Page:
We are not calling for amnesty. Instead we urge the Administration and Congress to enact immigration reform that allows undocumented immigrants and their families to earn lawful permanent residency upon the satisfaction of reasonable criteria, with a pathway to citizenship. The workability of such a program should not be hindered by overly punitive criteria, such as mandating that immigrants leave the country or pay exorbitant fees, or by making the process conditional upon the implementation of enforcement measures. Communities and congregations around the country are prepared to provide legal services to those eligible, as people of faith are committed to an effective and humane system that keeps families together and values the dignity of our friends and neighbors.
We call for an expansion of legal avenues for workers who seek to migrate to the United States to work in a safe, legal, and orderly manner. Their rights must be fully protected, including the ability to bring their families with them, travel as needed, change their place of employment, and apply for lawful permanent residency and eventually citizenship. As currently structured, electronic employment verification programs have proven detrimental to both employers and employees due to increased discrimination and unfair hiring and firing practices. All workers benefit, however, from the enforcement of health, safety, wage, and hour laws, as well as the right to peacefully organize. As people of faith we cannot support the exploitation of the migrant’s labor and economic contributions to the United States. We believe the immigrant worker should have access to livable wages and a safe working environment.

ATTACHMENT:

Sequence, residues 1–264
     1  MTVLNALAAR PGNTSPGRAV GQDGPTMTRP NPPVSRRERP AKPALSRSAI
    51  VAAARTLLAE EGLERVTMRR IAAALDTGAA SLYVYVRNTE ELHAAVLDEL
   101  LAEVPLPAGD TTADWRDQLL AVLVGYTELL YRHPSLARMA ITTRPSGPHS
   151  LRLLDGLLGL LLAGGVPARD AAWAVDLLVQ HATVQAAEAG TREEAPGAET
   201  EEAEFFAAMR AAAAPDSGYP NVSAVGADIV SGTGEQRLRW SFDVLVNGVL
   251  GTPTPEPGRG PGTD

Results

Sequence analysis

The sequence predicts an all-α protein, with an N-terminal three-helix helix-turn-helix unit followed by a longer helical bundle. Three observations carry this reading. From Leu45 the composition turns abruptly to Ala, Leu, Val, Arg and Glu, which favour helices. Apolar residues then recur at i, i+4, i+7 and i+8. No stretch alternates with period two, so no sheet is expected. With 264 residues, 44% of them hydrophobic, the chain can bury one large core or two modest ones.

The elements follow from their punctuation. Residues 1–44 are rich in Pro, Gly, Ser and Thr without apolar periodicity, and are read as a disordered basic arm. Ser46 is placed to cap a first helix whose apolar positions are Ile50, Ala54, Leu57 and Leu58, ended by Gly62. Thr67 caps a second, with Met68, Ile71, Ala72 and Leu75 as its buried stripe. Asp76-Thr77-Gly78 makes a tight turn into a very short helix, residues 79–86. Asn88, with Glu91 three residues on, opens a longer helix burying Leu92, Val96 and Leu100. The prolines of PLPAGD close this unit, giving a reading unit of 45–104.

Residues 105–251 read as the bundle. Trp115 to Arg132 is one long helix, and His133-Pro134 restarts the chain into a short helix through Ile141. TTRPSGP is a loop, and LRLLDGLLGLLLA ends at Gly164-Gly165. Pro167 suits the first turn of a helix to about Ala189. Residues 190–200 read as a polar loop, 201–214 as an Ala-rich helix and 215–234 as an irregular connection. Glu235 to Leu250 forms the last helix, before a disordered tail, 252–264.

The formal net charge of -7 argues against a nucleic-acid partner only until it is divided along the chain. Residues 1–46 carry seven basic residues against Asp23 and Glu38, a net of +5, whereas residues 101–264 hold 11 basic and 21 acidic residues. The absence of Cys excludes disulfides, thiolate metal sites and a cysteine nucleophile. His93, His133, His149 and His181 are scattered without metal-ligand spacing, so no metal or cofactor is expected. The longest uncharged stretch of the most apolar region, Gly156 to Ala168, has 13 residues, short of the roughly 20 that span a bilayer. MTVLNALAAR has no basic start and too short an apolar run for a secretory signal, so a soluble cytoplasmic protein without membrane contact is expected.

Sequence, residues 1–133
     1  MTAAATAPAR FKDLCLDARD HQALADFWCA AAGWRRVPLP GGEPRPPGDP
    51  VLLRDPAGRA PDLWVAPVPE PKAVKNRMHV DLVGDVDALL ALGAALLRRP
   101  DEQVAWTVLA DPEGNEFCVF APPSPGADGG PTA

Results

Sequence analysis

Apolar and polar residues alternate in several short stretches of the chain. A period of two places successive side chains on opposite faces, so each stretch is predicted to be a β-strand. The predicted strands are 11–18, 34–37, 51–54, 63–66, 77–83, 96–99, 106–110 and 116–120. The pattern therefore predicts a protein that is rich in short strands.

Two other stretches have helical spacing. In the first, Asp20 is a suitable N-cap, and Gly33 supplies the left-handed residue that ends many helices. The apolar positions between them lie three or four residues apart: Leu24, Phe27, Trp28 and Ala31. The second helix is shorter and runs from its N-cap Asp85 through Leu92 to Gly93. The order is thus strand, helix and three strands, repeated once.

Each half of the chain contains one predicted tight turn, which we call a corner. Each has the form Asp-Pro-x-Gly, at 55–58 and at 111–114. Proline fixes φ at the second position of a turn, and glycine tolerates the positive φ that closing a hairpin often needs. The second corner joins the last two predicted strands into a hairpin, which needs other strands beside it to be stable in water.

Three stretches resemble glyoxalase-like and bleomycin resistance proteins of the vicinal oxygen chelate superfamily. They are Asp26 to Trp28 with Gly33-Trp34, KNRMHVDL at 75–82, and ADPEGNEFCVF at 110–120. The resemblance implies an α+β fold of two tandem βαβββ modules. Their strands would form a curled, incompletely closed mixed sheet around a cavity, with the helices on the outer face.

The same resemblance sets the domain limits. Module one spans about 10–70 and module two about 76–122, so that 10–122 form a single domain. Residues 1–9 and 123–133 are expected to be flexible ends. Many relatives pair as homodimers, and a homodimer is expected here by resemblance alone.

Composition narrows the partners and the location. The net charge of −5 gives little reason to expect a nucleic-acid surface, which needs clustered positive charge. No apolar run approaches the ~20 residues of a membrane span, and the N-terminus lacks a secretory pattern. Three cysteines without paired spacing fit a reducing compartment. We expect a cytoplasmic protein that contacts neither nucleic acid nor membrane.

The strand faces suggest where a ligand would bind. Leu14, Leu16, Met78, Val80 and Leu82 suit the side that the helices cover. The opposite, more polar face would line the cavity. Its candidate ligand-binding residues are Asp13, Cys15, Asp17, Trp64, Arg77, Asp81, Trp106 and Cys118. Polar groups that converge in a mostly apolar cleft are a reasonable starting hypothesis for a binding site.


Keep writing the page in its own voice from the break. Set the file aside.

Many immigrants desire to naturalize but lack the necessary tools. Citizenship should be made more affordable by reducing naturalization fees and making fee waivers more easily accessible. Moreover, the processing of application backlogs and security checks should be streamlined to reduce waiting times. Counterproductive laws prohibiting immigrants from accessing social services and mandating that local police act as immigration officials should be revoked. These barriers to integration decrease community safety and discourage immigrants from pursuing education and community involvement. Faith based organizations and congregations around the country will continue to assist in integration efforts by providing social services and helping immigrants learn English, find jobs, and thrive in the United States.